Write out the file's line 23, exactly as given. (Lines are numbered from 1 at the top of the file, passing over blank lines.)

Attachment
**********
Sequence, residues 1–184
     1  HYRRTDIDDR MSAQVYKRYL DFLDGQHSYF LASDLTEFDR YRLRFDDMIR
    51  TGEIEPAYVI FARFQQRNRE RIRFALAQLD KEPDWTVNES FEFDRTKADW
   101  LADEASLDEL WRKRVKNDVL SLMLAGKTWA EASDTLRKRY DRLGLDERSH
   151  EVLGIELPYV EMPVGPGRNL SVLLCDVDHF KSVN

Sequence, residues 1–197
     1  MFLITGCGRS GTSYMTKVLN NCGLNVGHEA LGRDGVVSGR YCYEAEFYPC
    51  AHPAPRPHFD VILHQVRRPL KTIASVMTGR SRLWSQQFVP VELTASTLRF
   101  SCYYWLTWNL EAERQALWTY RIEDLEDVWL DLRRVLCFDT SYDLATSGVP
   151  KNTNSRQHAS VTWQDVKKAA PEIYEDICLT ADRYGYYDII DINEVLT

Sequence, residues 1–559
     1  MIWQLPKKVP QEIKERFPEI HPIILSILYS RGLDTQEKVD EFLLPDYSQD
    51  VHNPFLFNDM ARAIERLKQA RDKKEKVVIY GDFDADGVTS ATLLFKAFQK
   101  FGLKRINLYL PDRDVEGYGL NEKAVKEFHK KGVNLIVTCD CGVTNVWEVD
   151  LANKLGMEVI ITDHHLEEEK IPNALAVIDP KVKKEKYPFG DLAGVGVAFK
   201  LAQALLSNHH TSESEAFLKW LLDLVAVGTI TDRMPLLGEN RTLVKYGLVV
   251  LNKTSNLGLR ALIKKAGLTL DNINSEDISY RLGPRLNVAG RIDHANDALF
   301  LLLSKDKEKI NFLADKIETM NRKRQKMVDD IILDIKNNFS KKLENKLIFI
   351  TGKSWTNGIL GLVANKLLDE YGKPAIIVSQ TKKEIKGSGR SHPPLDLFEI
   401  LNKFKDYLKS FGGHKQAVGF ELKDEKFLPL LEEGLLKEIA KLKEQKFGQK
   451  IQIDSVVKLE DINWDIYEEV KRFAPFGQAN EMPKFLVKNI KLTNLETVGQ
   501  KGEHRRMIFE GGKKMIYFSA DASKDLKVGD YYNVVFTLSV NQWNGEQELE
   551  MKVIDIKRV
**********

   551  MKVIDIKRV